RCC Honors History Project

The Death of President Kennedy

Posted by nrohr on March 30, 2009

Reading Eubanks description of white school children in Mississippi cheering the death of President Kennedy (“They got him! Yay! They finally got him!”), I felt sick to my stomach and found the feeling hard to shake. Between the obvious cruelty of cheering someone’s death, especially coming from children, the juxtaposition of Eubanks’ friends and family mourning the President, my own appreciation for President Kennedy, and then the sickening, insular backwardness of Mississippi Eubanks had just been through, including the tragic death of Medgar Evers, it was a powerful thought.

So I have several things I want to get at. First, without launching into too much conspiracy theory, to what extent do you agree with the statement of Mrs. Parker, “They killed him because he wanted Negroes to be free”? Can John F. Kennedy be considered one of the martyrs for civil rights?

Secondly, Eubanks describes such virulent hatred of the President, to think that young children would gleefully cheer the assassination of the leader of their country, of a young man with young children seems so incredibly twisted. Is that intense hatred of the President ever acceptable to the degree that Eubanks describes it? “This is a free country,” we so often say, but to me one of the foundations of a free country would ostensibly be that if you didn’t like the president, you wouldn’t have to kill him because you had freedom of speech and freedom of the press and representation and the right to vote and on and on and on. And you knew that in a few years he wouldn’t be president, and that no one would ever make you vote for him if you hated him so much. And in the case, we’re talking about John F. Kennedy, not some violent dictator or tyrant. Now I certainly said my share of awful things about George W. Bush and I believe absolutely that I was entitled to say them. But never did I wish death or violence upon him, and if something like that had happened, I would have been sad for our country. I even felt bad when he got a shoe thrown at him. Because that’s just not the way you do things. However, I don’t think I would have thought it was wrong if someone had killed Hitler, and I’m curious how the story would have been written if Americans had someone killed King George. So I guess in my mind there is a line where the assassination of a leader or head of state is acceptable, I just don’t think John F. Kennedy was anywhere near it. What’s interesting about that is that it means some white people in Mississippi did think President Kennedy had crossed that line, that he was that horrible of a leader and that he was to be feared. And I think that says more about their hatred of black people than it does their hatred of him.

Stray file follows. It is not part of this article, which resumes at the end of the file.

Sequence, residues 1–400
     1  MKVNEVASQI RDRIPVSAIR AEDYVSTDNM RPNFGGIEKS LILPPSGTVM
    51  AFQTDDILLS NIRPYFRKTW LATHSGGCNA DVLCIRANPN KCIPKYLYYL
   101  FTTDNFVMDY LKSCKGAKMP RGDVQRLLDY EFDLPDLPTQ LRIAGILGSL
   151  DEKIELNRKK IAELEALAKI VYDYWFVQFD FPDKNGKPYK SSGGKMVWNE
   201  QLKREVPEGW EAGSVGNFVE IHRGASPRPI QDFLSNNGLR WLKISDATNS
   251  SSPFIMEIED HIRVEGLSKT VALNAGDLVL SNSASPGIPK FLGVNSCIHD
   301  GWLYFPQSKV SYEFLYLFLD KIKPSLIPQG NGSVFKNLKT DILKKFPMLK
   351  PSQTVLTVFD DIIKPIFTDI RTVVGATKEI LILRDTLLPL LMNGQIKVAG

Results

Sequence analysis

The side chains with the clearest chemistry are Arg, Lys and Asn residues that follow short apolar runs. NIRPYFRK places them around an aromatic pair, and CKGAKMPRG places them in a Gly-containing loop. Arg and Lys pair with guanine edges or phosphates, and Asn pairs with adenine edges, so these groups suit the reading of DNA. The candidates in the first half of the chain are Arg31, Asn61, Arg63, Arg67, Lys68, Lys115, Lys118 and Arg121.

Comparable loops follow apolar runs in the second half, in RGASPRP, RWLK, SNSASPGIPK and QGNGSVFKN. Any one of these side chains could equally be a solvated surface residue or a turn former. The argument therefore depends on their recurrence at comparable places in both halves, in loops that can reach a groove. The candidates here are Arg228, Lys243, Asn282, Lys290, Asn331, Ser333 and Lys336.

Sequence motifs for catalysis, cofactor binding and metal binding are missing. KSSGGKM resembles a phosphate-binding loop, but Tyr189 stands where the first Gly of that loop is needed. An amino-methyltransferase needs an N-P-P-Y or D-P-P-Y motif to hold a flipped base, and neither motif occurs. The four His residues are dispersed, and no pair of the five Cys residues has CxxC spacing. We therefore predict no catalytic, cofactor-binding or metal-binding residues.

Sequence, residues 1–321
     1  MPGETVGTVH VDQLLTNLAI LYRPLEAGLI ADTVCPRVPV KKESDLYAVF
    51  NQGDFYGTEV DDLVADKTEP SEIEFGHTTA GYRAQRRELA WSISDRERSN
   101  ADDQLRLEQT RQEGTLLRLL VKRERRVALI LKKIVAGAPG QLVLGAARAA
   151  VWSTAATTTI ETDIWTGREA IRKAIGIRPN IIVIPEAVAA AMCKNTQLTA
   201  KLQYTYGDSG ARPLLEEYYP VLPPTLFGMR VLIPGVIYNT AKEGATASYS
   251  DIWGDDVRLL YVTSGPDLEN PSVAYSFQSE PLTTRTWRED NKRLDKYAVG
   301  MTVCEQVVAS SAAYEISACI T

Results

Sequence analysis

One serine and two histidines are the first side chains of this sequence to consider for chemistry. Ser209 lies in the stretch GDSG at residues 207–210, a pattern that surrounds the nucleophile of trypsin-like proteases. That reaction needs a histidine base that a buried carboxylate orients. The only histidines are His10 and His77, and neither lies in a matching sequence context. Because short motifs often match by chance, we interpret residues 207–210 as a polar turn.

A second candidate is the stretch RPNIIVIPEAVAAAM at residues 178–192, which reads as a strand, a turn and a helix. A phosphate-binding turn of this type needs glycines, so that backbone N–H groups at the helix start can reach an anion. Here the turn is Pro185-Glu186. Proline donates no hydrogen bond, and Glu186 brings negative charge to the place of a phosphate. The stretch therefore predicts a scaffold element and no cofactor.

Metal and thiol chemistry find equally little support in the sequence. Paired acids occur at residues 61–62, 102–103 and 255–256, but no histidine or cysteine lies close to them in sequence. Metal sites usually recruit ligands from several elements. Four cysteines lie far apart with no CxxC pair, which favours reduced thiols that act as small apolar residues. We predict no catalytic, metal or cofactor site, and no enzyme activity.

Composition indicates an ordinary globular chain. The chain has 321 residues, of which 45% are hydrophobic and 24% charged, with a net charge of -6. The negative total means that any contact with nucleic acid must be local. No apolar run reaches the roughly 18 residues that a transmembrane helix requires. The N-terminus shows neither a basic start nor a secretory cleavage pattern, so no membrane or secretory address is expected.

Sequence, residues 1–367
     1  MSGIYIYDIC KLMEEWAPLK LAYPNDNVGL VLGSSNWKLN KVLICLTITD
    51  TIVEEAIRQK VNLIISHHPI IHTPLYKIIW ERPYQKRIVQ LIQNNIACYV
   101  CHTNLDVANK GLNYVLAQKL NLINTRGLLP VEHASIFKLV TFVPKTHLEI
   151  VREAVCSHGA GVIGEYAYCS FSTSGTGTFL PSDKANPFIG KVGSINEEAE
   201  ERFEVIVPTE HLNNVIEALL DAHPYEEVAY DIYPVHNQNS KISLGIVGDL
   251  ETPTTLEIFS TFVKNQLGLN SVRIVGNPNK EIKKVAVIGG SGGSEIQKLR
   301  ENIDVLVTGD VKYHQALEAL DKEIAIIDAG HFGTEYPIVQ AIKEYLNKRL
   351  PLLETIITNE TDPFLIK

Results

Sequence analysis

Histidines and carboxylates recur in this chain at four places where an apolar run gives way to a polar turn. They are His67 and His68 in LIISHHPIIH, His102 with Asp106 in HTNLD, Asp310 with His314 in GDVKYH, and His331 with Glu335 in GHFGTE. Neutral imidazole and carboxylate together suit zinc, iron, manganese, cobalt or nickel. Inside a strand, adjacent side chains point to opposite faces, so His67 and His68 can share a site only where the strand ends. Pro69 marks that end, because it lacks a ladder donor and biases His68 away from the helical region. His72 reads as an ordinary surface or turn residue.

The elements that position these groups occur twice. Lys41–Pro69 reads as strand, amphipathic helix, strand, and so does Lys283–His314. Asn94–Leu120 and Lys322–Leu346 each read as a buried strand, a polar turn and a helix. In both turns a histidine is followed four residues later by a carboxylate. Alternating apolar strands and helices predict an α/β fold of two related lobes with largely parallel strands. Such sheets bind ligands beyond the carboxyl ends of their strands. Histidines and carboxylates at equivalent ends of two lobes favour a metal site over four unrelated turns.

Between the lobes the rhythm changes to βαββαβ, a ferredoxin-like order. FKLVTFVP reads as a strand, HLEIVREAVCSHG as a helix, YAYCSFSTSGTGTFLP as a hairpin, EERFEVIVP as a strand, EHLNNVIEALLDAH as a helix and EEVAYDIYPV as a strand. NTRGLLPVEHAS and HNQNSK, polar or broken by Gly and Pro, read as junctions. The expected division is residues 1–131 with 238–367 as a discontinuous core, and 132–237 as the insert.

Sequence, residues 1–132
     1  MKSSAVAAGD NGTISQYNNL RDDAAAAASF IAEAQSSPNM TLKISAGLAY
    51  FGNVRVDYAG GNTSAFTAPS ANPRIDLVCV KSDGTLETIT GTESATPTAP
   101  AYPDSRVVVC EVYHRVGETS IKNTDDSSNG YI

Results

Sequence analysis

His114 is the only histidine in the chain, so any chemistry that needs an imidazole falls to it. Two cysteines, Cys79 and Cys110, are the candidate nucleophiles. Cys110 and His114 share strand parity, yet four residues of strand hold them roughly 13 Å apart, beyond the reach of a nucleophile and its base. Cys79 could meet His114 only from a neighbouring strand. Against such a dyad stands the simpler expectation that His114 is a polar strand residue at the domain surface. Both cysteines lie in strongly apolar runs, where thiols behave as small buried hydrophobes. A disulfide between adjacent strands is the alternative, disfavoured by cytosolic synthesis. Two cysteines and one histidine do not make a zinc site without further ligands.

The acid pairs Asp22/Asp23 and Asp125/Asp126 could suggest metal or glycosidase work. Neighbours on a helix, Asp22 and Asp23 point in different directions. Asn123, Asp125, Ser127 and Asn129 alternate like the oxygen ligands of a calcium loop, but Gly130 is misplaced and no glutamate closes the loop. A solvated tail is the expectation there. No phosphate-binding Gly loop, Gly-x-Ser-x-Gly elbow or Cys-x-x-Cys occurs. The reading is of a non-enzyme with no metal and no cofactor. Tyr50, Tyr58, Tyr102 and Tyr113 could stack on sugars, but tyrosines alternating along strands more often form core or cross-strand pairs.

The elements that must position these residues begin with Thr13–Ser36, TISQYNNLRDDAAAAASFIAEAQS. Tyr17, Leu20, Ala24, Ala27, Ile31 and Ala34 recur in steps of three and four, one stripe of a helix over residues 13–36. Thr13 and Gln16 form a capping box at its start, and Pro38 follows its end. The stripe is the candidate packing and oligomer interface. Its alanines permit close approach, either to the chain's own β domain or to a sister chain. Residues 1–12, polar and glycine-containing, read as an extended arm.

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One Response to “The Death of President Kennedy”

  1. chad612 said

    It seems like the reason for JFK’s assassination is not definitely known. Certainly people who worked for the Civil Rights movement considered him more of an ally than most politicians, and paranoid segregationists certainly did not like him. My mom remembers living through the assassinations of the sixties, and thinking that when Ronald Reagan was shot, that maybe it wasn’t so bad in comparison. She wouldn’t have shot him herself, but she really didn’t care for him. Of course, he lived and went on to get reelected. Certainly there is sometimes logic during war in taking out the commander in chief, rather than countries just fighting it out until every infantry man is dead.

    Here are the lyrics to a song from the sixties that was popularized by Dion and Marvin Gaye. The title is dedicated to three Civil Rights leaders who were assassinated in their prime, Abraham (Lincoln), John (Kennedy) and Martin (Luther King, Jr.). The last verse is for Bobby Kennedy, I don’t know if that was written later.

    Has anybody here seen my old friend Abraham?
    Can you tell me where he’s gone?
    He freed a lot of people,
    But it seems the good they die young.
    You know, I just looked around and he’s gone.

    Anybody here seen my old friend John?
    Can you tell me where he’s gone?
    He freed a lot of people,
    But it seems the good they die young.
    I just looked around and he’s gone.

    Anybody here seen my old friend Martin?
    Can you tell me where he’s gone?
    He freed a lot of people,
    But it seems the good they die young.
    I just looked ’round and he’s gone.

    Didn’t you love the things that they stood for?
    Didn’t they try to find some good for you and me?
    And we’ll be free
    Some day soon, and it’s a-gonna be one day …

    Anybody here seen my old friend Bobby?
    Can you tell me where he’s gone?
    I thought I saw him walk up over the hill,
    With Abraham, Martin and John.

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